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HOLLA BOMBAY!We know we’ve been uncharacteristically quiet over the past few months. We were setting up to transition over to a new Director of HB Mumbai, as Aisha got ready for graduate school, but unfortunately, a commitment came up for the new Director and she was unable to take HB on. So, we are temporarily closed, but if you are reading this and would like to start Hollaback Mumbai up, please email firstname.lastname@example.org. Thanks for the support!
I had been living in a small town in India for three weeks as an exchange student before I got out to the big city. I was sitting in a hair salon with my host sister while she was getting her hair done. The male hair stylist asked if I wanted a cut, blow-dry, and hair treatment since my hair was so brittle. I agreed since my hair was in need of help. He took me upstairs to a private, poorly lit room and I immediately felt unsafe.
I sat down, and the hair dresser put the creams in my hair and massaged into my scalp, and moved his way down to my neck, then my shoulder. He quickly made his way under my shirt, touching and massaging my bare shoulder. I was more in shock of this happening at a hair salon out of all places. He kept asking me if I wanted my chest massaged, and touched my pectoral muscles to showed me what he meant. Stunned by his forwardness, I smiled and laughed nervously, which he read as a yes, and continued massaging me.
The worst was about to come. He put a electronic device on his hand that vibrating violently. He started on my scalp and went own my arms and “accidently” went over my right breast.
Then he asked again if I wanted my pecs massaged, but his Enlighs kept getting worse to the point where I just nodded and smiled. Big mistake. His hands slid incredibly far down the front of my shirt. His hands touched the “foothills” of my breasts.
I finally got the couraged to tell him to stop, and he did. I now understand that he seeing how far he could get with the “loose and easy” foreigner.
A few months ago, we were interviewed by the BBC for a radio documentary on street harassment. The documentary aired last month to a few million (!) listeners. SO EXCITING. Check out the link and hear about how harassment plays out in different countries around the world, and what people are doing about it.
Also, check out the Facebook group GotStared. They are doing some awesome work dismantling the stereotypes surrounding harassment. This is one of their supercool posters:
Although we welcome anonymous stories on Hollaback Mumbai, since it is the launch of our ‘Main Hoon Na/I’ve Got Your Back campaign, I’m submitting my story with my name on it.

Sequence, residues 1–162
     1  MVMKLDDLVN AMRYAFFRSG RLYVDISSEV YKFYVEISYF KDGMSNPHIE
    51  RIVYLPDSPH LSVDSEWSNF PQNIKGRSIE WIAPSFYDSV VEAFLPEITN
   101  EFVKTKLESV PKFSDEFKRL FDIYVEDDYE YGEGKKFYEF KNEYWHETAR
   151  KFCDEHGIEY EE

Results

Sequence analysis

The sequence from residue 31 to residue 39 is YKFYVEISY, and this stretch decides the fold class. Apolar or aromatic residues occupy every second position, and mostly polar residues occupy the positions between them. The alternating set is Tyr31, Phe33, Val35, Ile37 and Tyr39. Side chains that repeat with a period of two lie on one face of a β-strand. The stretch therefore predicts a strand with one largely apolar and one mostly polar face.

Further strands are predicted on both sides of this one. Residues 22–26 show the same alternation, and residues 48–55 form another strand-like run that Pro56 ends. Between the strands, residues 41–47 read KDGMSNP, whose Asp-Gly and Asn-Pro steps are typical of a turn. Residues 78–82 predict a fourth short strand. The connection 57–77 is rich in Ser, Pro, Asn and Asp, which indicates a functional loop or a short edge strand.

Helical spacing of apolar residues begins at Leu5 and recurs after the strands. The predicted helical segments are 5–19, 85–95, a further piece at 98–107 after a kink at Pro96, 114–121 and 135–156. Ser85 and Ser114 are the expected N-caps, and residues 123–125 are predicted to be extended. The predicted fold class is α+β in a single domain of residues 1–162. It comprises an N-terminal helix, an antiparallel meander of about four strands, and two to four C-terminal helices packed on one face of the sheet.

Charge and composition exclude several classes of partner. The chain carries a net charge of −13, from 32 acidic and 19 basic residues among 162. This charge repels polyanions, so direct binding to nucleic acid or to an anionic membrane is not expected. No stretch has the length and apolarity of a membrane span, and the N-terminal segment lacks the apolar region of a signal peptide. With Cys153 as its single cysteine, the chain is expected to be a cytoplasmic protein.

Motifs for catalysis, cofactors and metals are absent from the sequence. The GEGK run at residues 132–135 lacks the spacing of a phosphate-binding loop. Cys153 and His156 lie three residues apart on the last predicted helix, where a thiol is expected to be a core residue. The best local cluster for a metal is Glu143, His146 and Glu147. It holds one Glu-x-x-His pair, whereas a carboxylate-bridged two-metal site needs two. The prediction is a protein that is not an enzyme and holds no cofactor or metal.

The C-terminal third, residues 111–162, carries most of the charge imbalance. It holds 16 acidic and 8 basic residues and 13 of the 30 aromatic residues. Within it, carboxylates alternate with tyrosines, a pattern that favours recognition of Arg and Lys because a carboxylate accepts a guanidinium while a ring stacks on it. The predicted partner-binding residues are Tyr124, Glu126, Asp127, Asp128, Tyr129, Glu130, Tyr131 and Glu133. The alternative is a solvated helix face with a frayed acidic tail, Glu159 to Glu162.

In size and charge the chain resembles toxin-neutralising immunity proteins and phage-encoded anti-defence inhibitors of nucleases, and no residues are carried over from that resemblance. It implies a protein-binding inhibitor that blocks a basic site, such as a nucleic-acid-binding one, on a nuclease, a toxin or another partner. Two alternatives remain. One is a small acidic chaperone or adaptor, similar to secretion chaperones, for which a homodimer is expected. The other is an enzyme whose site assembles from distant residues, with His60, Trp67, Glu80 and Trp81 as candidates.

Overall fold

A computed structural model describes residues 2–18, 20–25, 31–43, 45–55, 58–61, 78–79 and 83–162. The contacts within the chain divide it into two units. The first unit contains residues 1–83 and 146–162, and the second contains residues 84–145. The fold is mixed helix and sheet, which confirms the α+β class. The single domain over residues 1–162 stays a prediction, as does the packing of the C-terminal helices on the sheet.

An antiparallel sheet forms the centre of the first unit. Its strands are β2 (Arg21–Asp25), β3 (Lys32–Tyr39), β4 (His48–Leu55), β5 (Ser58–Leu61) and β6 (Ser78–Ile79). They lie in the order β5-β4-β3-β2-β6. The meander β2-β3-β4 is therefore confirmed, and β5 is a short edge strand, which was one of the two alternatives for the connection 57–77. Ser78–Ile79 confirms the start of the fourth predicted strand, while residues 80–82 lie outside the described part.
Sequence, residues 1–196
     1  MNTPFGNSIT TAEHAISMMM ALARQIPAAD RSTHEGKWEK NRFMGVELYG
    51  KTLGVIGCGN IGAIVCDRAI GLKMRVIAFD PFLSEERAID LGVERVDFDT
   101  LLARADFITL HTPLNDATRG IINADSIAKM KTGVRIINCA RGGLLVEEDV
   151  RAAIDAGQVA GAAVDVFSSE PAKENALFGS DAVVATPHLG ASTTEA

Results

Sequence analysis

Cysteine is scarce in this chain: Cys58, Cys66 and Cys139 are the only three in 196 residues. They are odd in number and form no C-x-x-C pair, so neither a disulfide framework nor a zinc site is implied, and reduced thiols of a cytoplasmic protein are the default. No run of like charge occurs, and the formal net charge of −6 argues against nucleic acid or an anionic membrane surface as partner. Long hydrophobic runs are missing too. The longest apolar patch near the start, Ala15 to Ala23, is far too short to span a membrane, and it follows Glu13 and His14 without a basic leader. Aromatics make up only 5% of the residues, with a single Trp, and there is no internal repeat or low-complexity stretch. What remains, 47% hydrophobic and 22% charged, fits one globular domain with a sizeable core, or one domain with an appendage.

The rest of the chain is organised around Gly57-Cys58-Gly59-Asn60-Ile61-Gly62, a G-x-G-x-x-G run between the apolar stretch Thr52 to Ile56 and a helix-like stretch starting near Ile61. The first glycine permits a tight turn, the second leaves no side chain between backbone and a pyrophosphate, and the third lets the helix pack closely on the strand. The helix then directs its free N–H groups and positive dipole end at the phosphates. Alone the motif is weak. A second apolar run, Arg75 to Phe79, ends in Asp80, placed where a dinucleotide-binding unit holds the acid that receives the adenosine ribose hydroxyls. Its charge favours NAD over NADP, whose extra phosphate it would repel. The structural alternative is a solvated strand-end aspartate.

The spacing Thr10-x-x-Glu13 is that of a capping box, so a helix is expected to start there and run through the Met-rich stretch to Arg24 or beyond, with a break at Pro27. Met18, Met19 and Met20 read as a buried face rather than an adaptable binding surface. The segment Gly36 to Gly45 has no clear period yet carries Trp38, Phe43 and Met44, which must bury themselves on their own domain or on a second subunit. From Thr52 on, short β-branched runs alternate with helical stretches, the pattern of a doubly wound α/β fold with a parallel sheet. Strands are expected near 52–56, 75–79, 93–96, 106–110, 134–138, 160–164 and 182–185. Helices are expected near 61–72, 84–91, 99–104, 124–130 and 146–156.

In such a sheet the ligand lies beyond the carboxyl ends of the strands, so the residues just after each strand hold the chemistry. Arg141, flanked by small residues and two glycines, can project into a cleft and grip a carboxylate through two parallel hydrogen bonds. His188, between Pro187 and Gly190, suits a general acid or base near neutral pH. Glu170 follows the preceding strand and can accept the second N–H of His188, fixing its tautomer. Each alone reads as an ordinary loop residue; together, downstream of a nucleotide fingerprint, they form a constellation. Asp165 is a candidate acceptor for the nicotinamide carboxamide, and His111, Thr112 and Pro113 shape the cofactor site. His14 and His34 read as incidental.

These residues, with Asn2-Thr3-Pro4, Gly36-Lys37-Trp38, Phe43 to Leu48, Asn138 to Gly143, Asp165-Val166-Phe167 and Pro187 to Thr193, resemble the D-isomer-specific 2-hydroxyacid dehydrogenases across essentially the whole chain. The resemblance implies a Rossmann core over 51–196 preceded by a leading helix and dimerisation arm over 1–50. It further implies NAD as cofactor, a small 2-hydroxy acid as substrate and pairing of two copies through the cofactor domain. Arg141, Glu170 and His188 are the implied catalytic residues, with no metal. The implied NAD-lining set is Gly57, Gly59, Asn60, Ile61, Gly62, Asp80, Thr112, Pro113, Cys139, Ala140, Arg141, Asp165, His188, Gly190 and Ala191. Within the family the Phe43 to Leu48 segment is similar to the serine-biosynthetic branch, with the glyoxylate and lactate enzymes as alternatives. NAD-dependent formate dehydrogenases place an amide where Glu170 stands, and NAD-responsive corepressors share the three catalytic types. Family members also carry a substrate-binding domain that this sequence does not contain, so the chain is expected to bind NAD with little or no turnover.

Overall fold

Like many people, I am harassed every day, often multiple times a day. I do not see it as a ‘compliment.’ I see it as a by-product of a culture that accepts gender-based violence and something that prevents me from enjoying this city that I love so deeply.
This was the incident that got me most riled up about starting a Hollaback site: I was at Andheri train station waiting in the line to punch my coupon. When I got to the front, a guy came over and pushed my hand away and started punching his own coupons. I said ‘hey! I was here first.’ He replied: ‘so?’ Great. I punched my coupons and I left. I was walking up the stairs and someone bumps into me, his hand pressing against my butt. I turn around, and it’s the Coupon-Ass. He says sorry and smiles. I keep going. Out of the corner of my eye, I can see him watching me. When I stop to send my friend an SMS and he stops too, watching me from across the bridge, I know he’s following me. I walk towards the train and he follows me. I stop, hoping he will walk past, and he doesn’t. That’s when I started to get really scared. I didn’t say or do anything. I just ran down to the first train I could find, got into the Ladies compartment and hoped that he wouldn’t follow me.
This was pre-Hollaback, pre-learning things to say and do when I was being harassed. The experience sucked – I felt dirty and ashamed and like I had done something wrong. I now know that there is nothing I can do that warrants harassment. But when I read about Hollaback, it was the memory of this experience which pushed me to contact Emily May and start a Hollaback in Mumbai. And I am so grateful for this difficult, inspiring opportunity to be part of something so much bigger than me. The guy was a grade-A asshole, but in a way I am glad that I was propelled to become part of Hollaback because of it.
UPDATE: Four days after the attack, (and far too many blog posts and articles speculating about the victim’s dress, job description and character later) she has spoken out in the Times of India.
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Let’s review. A female bar employee is abducted and gang-raped in Gurgaon, outside Delhi. Despite the fact that Section 228-A of the Indian Penal Code specifies that the name of the victim should not be indicated in any legal or media publications, the Noida police release the victim’s name. They later called this a “clerical error.”